European Council on Foreign Relations

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Germany votes: what does Bulgaria think?

In the fourth of this series viewing the German elections from elsewhere in Europe, we ask what the Bulgarians think about the vote. 

Germany’s elections are largely a non-issue in Bulgaria, where political life is consumed by a three-month long mass protest demanding the Socialist-led cabinet’s resignation. Germany is also absent on the main foreign policy issue that preoccupies Bulgarians: the war in Syria, which affects Bulgaria thanks to refugees crossing from Turkey. Politicians and pundits alike break spears unpicking the policies of Russia, UK, US, and France, but German foreign policy passivity keeps the country off the radar screen. That’s surprising, as Bulgaria has often taken clues on European matters after looking closely at Berlin. What is more, the centre-right government of Boyko Borissov, in power until March this year, courted Angela Merkel, extolling the virtues

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Germany votes: what does Italy think?

In the third blog post in this series, we ask what Italians think about the German election. 

As elsewhere, Italians are waiting for Germany to vote with a keen sense of anticipation. But they are not waiting so much for the results and the unveiling of a victorious coalition of whatever make up, as they are waiting for the dictates of the election campaign to end and Berlin to apply itself to key European issues. September 22nd is seen as an excuse for Germany’s politicians to avoid discussing or acting on difficult issues.

Italy’s current government is investing a lot of time and energy in its European links, and on several occasions has called for moves towards banking, fiscal, economic, and political union. Germany is acknowledged as the key partner in these matters – both to show accountability for the tough economic and financial commitments that have been made, and because

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Germany votes: what does France think?

This is the second in a series of blog posts on how the German elections are being seen elsewhere in the EU. 

Having essentially given up hope of a major political shift in Germany, the French are watching their big neighbour's federal elections with remarkable equanimity. The complex electoral arithmetic that might lead to a surprise eviction of Chancellor Angela Merkel from the chancellery is understood only by a tiny minority of observers. Most policy actors and citizens expect Merkel to continue to be the German leader France will have to deal with.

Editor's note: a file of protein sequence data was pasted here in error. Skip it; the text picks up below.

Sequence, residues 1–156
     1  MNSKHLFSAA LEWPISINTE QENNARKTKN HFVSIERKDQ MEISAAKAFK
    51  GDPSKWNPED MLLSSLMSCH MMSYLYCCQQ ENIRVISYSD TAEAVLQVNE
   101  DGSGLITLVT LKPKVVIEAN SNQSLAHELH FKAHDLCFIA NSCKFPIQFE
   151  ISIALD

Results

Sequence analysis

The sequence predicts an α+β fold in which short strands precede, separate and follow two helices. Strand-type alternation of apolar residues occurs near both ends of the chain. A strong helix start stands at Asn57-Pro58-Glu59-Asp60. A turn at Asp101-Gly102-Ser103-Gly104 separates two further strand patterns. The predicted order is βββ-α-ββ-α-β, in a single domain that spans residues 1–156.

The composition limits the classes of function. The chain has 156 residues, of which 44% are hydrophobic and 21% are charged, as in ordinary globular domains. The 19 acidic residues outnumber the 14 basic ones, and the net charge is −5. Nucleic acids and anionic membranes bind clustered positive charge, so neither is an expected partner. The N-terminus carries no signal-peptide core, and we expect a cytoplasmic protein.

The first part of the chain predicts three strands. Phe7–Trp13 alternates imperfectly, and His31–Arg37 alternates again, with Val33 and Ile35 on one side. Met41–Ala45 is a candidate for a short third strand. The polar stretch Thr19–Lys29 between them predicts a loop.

This prospect is now more palatable than it would have been a few months ago. The increased flexibility the European Commission, with the support of Berlin, has shown of late on the application of austerity, the resumption of growth in the eurozone (however tenuous), and the fact that Angela Merkel does not dismiss the principle

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Germany votes: what does Poland think?

This is the first of a series of blog posts looking at how the German elections are being viewed by some of its EU partners. 

The Polish-German relationship has proved to be counter-cyclical during the euro crisis. While most countries, most notably those in the South, looked at the German hegemon in an increasingly critical way, there has been a remarkable rapprochement between Warsaw and Berlin. The new community of interests between Warsaw and Berlin has rested on two major components. First, Poland supported the German narrative of the crisis as a debt crisis (as opposed to the Anglo Saxon reading, focusing on macroeconomic imbalances and the institutional deficits of the eurozone). Poland’s new found economic stability was seen as further supporting evidence for Berlin’s insistence that structural reforms and austerity are the key to economic success: Poland took similar

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A less German Europe?

The recent announcement by Wolfgang Schäuble that " there will have to be another programme in Greece" blew some fresh air into the lazy electoral campaign in Germany in which Europe has not yet played any significant role. Although no major controversy over Europe is to be expected in the last five weeks before the vote on 22 September, Schäuble’s declaration fuels the debate about the next government’s European policy. After the tacit concession that the austerity policy has not proved to be a success, another German dogma – no more bail-outs! - seems to be falling apart. Are we observing the decline of the “German Europe”, built so painstakingly by Berlin during the years of crisis?

In fact, the concept of a German Europe is not so much a description of a new EU reality as it is an expression of concern about the state of the debate and the European spirit in Germany. True, in

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